Dan Howard replied on Mon, 2010/06/14 - 3:44pm

Good post!  We ran into this situation frequently.  What we do is devote most of the 1st stage of development on the next release to engineering work.  We come back to the areas that had to be "done fast" and do the refactoring on them.   The important thing is to do it as early as possible in the dev cycle to give the QA team the maximum amount of time for testing.



Cloves Almeida replied on Mon, 2010/06/14 - 8:04pm

Delivery IS more important.

When your software is "out in the wilds", I'll get generous and important feedback that will guide further development and refactoring.

If you end up in a situation where code get messed up before deliverying, it's because you're not delivering as often as you should. Fail fast, fail often.

Stephane Vaucher replied on Mon, 2010/06/14 - 9:43pm

If you are talking about significant changes, which affect different modules, I would use the term restructuring as refactoring typically entails low-level behaviour preservation. The difference is subtle as preserving the behaviour of module interaction can be done by breaking low-level compatibility. The reason why this is more difficult is that tool support is not as solid and you need a strong set of integration tests. The value of this kind of restructuring can be hard to quantify.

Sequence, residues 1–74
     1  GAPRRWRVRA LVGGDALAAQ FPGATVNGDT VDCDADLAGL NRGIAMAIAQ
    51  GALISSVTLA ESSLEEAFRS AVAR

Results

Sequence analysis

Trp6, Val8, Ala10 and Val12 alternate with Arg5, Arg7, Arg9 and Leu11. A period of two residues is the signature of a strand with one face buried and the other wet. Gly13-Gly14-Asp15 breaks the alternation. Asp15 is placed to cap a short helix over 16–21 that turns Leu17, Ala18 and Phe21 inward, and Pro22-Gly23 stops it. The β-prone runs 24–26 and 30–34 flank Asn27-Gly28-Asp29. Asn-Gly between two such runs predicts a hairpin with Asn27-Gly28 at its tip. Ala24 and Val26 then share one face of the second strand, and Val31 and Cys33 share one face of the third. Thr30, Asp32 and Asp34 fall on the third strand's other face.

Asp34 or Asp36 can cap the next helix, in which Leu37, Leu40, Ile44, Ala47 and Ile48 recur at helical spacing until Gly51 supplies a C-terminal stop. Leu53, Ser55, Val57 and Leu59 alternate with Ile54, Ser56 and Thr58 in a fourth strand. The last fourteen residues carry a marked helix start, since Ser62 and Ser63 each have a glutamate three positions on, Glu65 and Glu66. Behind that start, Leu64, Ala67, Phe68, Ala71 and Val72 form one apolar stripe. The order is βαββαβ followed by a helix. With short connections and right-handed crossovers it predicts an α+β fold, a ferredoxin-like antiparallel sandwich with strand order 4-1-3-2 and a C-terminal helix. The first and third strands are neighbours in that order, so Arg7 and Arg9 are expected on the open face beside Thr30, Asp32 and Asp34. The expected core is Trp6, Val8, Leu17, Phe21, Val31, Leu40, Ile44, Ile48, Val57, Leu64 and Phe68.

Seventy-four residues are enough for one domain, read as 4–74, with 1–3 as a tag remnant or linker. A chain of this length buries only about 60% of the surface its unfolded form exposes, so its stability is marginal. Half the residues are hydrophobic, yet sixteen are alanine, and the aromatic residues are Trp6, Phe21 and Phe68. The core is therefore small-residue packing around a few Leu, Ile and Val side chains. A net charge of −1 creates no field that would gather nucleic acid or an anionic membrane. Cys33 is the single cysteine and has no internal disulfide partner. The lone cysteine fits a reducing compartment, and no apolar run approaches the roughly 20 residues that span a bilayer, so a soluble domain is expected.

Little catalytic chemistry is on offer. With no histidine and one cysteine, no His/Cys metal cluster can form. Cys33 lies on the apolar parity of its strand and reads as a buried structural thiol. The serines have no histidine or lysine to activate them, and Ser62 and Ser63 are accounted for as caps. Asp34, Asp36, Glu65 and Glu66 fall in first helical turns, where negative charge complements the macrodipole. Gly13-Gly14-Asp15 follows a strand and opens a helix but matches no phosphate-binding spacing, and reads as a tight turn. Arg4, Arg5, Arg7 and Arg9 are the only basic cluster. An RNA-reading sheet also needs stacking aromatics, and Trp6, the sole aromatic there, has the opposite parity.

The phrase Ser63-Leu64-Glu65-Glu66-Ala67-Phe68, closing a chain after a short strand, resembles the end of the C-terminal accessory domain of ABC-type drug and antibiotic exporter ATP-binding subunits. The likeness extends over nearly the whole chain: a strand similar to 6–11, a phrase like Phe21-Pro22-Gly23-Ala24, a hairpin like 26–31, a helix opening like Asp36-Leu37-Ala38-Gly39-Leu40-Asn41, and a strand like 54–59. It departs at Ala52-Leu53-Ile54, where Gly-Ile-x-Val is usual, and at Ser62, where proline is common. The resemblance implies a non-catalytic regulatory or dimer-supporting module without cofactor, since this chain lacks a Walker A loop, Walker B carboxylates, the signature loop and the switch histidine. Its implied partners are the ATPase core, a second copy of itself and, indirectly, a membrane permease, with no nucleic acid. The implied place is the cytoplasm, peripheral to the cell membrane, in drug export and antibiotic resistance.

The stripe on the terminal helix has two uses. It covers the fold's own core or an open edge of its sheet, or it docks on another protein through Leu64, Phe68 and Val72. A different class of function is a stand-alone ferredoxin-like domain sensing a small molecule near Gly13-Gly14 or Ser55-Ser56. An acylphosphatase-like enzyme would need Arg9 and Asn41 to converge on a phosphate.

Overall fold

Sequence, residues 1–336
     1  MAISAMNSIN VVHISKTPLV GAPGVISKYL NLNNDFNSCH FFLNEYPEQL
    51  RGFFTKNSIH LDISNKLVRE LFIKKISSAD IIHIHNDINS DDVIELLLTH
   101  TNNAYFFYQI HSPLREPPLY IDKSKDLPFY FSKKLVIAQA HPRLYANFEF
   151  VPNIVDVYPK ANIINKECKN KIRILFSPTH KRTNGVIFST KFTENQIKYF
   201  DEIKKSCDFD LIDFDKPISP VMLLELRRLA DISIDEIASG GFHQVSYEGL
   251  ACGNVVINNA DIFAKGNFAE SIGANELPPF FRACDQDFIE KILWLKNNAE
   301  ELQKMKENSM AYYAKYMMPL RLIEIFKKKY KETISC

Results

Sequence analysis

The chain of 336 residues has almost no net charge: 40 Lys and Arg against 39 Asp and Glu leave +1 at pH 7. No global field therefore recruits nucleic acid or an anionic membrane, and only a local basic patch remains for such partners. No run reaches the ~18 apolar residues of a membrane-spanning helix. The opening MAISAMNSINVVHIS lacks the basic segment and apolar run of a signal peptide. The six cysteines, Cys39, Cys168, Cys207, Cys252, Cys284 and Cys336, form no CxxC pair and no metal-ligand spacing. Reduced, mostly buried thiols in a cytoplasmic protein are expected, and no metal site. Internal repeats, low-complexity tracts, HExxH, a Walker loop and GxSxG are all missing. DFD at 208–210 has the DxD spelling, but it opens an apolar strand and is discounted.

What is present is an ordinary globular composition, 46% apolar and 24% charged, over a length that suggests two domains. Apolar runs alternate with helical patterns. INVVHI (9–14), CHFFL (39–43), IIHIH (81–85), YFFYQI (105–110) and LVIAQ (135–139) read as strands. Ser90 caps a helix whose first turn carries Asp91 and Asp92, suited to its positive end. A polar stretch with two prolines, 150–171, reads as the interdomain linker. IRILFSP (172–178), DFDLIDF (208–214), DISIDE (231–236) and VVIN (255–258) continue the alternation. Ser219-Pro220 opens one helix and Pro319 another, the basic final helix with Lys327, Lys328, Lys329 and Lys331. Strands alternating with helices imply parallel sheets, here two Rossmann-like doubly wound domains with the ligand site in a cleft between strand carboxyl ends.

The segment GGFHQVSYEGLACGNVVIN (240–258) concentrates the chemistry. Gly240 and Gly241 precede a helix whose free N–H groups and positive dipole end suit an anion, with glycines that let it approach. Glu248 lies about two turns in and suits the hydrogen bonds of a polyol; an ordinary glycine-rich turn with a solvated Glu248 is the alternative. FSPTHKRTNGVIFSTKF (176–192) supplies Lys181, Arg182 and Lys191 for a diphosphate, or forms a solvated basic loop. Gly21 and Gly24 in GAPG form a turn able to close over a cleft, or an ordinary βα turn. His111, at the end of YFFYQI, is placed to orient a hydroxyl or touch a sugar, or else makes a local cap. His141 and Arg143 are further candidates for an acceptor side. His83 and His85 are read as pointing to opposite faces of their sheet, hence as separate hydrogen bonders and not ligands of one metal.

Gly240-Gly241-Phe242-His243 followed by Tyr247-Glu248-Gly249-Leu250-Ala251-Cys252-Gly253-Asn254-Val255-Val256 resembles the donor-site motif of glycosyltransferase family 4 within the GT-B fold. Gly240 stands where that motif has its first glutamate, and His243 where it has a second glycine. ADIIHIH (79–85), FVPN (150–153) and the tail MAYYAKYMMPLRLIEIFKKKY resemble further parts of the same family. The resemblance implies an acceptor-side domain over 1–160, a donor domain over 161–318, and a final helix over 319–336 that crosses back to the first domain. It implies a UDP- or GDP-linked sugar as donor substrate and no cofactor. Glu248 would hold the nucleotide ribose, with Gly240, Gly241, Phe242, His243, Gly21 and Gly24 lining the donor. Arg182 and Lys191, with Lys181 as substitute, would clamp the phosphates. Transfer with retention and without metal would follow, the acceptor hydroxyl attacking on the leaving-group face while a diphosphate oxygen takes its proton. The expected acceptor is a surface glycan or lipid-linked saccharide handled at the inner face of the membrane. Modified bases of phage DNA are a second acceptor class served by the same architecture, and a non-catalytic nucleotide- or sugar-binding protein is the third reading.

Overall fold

You need to assess the risk of having hard to maintain code in your code base and consider the life expectancy of the system and the volatility of its requirements. It is obvious that in certain fields, quality/delivery trade-offs are never be acceptable (eg, NASA), but you have to accept that in most cases, it will happen. When in doubt, deliver first (and document). When the system will be in production, you will have a new set of requirements that will change your understanding of the problem (and guide your solution). A more important reason why you should not push delivery for restructuring, is that you will need to plan this restructuring (eg. costs/benefits of different restructuring solutions) and this restructuring might actually fail. I believe the slips you mention could be worse if the restructuring was not managed correctly.

My recommendation would be to make sure your app. is well tested then restructure early in the next iteration (after bugs are finally wrung out). Make sure you estimate the work for the restructuring and have it included (in budgets) when preparing the next iteration. This can be spread out over all functionality (ex: if 1 week, on an estimated 10 week iteration, then add 10% effort). The pill will be easier to swallow that way. Management likes predictability and having options; it appreciates quantifying benefits/costs. You can always talk about technical debt/productivity increase to justify the numbers.